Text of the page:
River Thieves

riverthievesRiver Thieves
by Michael Crummey
2001/352 pages
rating 9 / historical fiction

I read Michael Crummey’s more recent work,  Galore (2012), last year and thoroughly enjoyed it,  so when another group selected River Thieves, his first novel,   for discussion I was delighted.

The setting is still Newfoundland (Crummey is from St. Johns) , but in the early days of the  19th century rather than the early 20th.   The  history is loosely accurate as far as I can tell  –  (I’ve provided links to some people/places) but Crummey notes that he has taken liberties with the facts.   There is  an introductory epigraph to give  indication as to the historical basis:

“Various versions of this event have appeared from time to time in our histories and other publications, but as numerous descrepancies characterize these accounts, I prefer to give the story as I had it from the lips of the late John Peyton, J.P. of Twillingate, himself the actual captor of the Beothuk woman. –
James P. Howley, The Beothuks or Red Indians, published 1915

Specifically see: http://www.mun.ca/rels/native/beothuk/beo2gifs/texts/HOW19a.html#page91

Following that there is a very short but beautiful piece about the old Indian names of the area.   Finally, still prior to Chapter 1,  there is a prologue of sorts,  entitled “The Lake: March month, 1819,”  in which a native woman with a newborn ends up going with a

A Beothuk settlement on the Exploits River, sketch by John Cartwright, circa 1768

A Beothuk settlement on the Exploits River, sketch by John Cartwright, circa 1768

white man,  leaving her husband,  her child and the Lake – under pressure of gunfire.  This is the incident the epilogue refers to and it’s the incident around which the plot revolves.

Then starts the Newfoundland word for Part 1:  “Hag”  or “old Hag” –  a nightmare.  And finally,  Part 1,  Chapter 1 – 1810 – prior to the “incident.”

Finally getting into the main narrative,  the characters are pretty simple.  There’s John Peyton and his father,   John Senior,   along with Cassie who is their long-term housekeeper.   Peyton and Senior are leaving on an expedition,  but Senior is staying home this time and then it gets complicated because the story is told in a series of nested flashbacks told by different characters.  Who goes where when,  is a bit fuzzy for quite awhile.   And so many of the early scenes are the same – voyaging out in the wilds, up the River Exploits,  to hunt, fish, trap,  chase Indians (for one reason or another) or just travel somewhere.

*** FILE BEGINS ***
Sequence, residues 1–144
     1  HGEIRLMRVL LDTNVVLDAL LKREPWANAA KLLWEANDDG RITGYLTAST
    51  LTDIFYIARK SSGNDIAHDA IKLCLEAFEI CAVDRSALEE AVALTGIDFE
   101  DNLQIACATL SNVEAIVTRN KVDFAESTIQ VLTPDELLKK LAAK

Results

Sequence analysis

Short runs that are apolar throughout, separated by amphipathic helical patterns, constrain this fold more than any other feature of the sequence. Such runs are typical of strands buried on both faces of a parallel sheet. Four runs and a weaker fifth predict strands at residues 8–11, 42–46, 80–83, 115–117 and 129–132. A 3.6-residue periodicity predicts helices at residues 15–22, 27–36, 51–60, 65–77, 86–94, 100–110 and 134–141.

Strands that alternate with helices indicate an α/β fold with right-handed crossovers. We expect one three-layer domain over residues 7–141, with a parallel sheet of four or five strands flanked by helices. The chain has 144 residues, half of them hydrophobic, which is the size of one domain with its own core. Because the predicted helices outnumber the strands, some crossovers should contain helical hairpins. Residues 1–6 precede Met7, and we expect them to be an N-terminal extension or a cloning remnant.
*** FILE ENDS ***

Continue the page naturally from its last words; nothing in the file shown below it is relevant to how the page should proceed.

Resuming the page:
Meanwhile,  and not too far away aboard the HMS Adonis,  the English Governor Duckworth and Lieutenant David Buchan discuss the  the Beothuk native question  and how to achieve peace.  Also from the Great Wiki:  http://en.wikipedia.org/wiki/Beothuk_people  .   Buchan will play a significant role in the novel as he is the main investigator of “the incident.”

So now comes the investigation – Part 2 – where the characters of  Cassie,  Mary,  Buchan, Richmond,  and Miller are introduced,  along with Reilly and his Micmac wife, Annie Boss,  there may be more.   These men,  from various backgrounds,  feel plagued by the Red Indians who in turn feel cheated by them.  The natives in this case were resolutely anti-English settlers and did what they could to drive them out.    Cassie is a complex character unto herself.

It wasn’t until about 1/3 to 1/2 way through that I got interested and then I started getting to really know the male characters and maintain an interest in them.   Maybe it was because I was ill this week – I don’t know.   It might be worth rereading at least the first 1/3.

A bit more background from:

A teenage girl named Shawnadithit (also spelled Shanawdithit) was probably the last beot2Beothuk. Starving and alone, Shawnadithit and two female relatives surrendered to the British. The other Beothuk women died, but Shawnadithit lived for six years as an English slave known as “Nancy,” drawing pictures and telling stories of her lost tribe. Shawnadithit’s aunt Demasduit, who died several years earlier, had a more tragic story. Demasduit had just given birth when the British raided her village, and her husband, the Red Indian chief, was killed trying to protect her from capture. Her baby was left behind, and by the time she learned enough English to explain this to the British, the infant had starved to death and Demasduit was fatally ill with tuberculosis. In the face of these hardships, the charm and gentle demeanor of Demasduit and Shawnadithit startled white Newfoundlanders, forcing them to rethink some of their attitudes towards ‘savages.’ Read more about Shawnadithit and Demasduit.

Also see:

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